Isolation and characterization of Enterobacteriaceae species infesting post-harvest strawberries and their biological control using bacteriophages
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Strawberry is a significantly consumed fruit worldwide, mostly without being subjected to disinfection processes. During the harvest and transfer from farm to consumers as well as where organic farming practises have been employed, the surface of the fruit may become contaminated by pathogenic bacteria. Post-harvest strawberry fruits in punnets available for public consumption were thus screened for the presence of enteric bacteria in the Sunshine Coast region of Queensland, Australia. Some of the tested samples (13 %) were found to carry such bacteria and even in greater numbers if organic amendments were used (69 %). The bacteria were found to belong in the genera of Escherichia, Enterobacter, Raoultella, Klebsiella, Pantoea, Shigella, Citrobacter and Cronobacter within the family Enterobacteriaceae. Some of the isolates were found to adhere to Caco-2 cells representing human gut epithelium as well as carrying virulence and toxin genes. Resistance mostly against sulphafurazole, cefoxitin, ampicillin and nitrofurantoin was found among 14 different antimicrobial agents tested including 100 % resistance to cefoxitin and ampicillin in the genus Pantoea. In the second phase of the study, bacteriophages were isolated against the isolates and were subsequently applied to post-harvest fruits. A significant (P ≤ 0.001) reduction in the number of enteric bacteria was observed when a high-titre polyvalent bacteriophage suspension (×1012 PFU/mL) was applied to the fruit surface. Bacteriophages also decreased the adhesion of the Escherichia coli isolates to Caco-2 cells. Findings might indicate that biological control using bacteriophages might be of significant value for the industry targeting to reduce pathogenic loads of bacteria on the fruit.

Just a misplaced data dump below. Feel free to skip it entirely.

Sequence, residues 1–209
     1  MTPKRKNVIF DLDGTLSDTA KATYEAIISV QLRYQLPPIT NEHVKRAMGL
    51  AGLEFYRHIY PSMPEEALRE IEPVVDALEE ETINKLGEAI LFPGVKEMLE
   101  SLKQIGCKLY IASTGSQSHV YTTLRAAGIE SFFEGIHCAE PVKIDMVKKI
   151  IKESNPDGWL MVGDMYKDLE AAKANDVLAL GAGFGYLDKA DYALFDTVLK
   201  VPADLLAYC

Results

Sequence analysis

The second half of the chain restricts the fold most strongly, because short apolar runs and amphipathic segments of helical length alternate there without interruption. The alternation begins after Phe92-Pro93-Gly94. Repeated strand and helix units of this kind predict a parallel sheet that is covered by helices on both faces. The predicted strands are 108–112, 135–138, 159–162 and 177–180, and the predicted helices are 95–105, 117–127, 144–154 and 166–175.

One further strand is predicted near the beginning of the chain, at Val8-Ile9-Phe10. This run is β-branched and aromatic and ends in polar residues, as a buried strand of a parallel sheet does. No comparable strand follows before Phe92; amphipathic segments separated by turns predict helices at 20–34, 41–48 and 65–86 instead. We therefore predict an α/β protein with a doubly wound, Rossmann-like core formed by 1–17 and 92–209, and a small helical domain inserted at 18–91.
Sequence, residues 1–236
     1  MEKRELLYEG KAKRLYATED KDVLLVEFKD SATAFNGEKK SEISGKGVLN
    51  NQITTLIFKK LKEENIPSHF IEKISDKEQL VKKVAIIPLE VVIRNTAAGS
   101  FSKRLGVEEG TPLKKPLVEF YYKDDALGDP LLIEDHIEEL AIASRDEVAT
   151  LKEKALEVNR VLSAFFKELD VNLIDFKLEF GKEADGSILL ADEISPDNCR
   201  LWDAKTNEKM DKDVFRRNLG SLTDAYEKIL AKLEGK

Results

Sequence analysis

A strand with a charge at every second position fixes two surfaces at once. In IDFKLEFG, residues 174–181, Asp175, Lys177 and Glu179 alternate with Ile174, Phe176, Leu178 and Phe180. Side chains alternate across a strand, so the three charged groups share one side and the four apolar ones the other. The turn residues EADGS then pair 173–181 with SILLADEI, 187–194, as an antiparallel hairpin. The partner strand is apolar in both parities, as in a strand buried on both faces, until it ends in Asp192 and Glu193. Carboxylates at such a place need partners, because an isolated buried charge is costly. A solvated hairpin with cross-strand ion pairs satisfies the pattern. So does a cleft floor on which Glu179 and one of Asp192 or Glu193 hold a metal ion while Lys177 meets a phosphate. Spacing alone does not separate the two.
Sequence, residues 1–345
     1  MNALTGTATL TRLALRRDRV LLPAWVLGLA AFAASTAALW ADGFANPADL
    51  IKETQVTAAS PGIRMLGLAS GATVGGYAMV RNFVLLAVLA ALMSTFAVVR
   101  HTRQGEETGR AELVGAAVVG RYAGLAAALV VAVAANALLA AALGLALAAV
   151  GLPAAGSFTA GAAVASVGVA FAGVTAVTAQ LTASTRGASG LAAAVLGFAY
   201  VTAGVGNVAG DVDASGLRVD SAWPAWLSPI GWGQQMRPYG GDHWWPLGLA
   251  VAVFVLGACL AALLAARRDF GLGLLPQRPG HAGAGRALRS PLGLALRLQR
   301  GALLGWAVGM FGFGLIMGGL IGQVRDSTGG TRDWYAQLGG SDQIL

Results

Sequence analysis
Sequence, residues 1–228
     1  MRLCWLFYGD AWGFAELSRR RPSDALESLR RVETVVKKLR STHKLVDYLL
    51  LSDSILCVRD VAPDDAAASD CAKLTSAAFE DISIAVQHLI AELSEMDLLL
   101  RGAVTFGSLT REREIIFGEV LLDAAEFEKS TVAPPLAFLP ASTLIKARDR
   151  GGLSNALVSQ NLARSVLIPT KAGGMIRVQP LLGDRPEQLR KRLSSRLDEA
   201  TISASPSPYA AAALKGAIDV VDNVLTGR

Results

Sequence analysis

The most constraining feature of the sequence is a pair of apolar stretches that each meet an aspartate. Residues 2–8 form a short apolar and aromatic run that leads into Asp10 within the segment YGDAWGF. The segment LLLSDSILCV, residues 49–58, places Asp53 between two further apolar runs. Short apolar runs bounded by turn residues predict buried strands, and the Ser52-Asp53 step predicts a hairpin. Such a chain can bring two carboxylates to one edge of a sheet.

KeywordsStrawberry Enterobacteriaceae Escherichia coli Bacteriophages Biological control Organic farming
The authors gratefully acknowledge the joint funding received from Horticulture Australia Ltd. (HAL Ltd.) and the University of the Sunshine Coast (USC) (Project Number BS10003). The authors thank Queensland Strawberry Growers Assoc. Inc. (Mr. Lourens Grobler, Secretary) and the Strawberry Fields (Mr. Jon Carmichael and Mr. Brendon Hoyle) for in-kind support throughout the study. Thanks are also due to Mr. Michael Nielsen and Mr. Daryle Sullivan of the USC for their technical support during preliminary analysis of the strawberry samples; to Dr. Ken Wasmund, Division of Microbial Ecology (DOME), Department of Microbiology and Ecosystem Science, University of Vienna, Austria for the construction of the phylogenetic tree and to Mr. Daniel Powell for GenBank deposition of the sequences as well as for his support throughout the research study. The authors also thank Ms. Rachel Hancock at the Central Analytical Research Facility operated by the Institute for Future Environments of the Queensland University of Technology (QUT), Brisbane, Australia for support with the TEM analysis and Dr. Aycan Gündoğdu, Dr. Nicole Masters, Dr. Eva Hatje and Ms. Jasmine Thompson for the assistance provided.
Compliance with ethical standards
This study was funded by a joint funding received from Horticulture Australia Ltd. and the University of the Sunshine Coast (USC) (Project Number BS10003).
Conflict of interest
The authors declare that they have no conflict of interest.
This article does not contain any studies with human participants or animals performed by any of the authors.
Informed consent was obtained from all individual participants included in the study.
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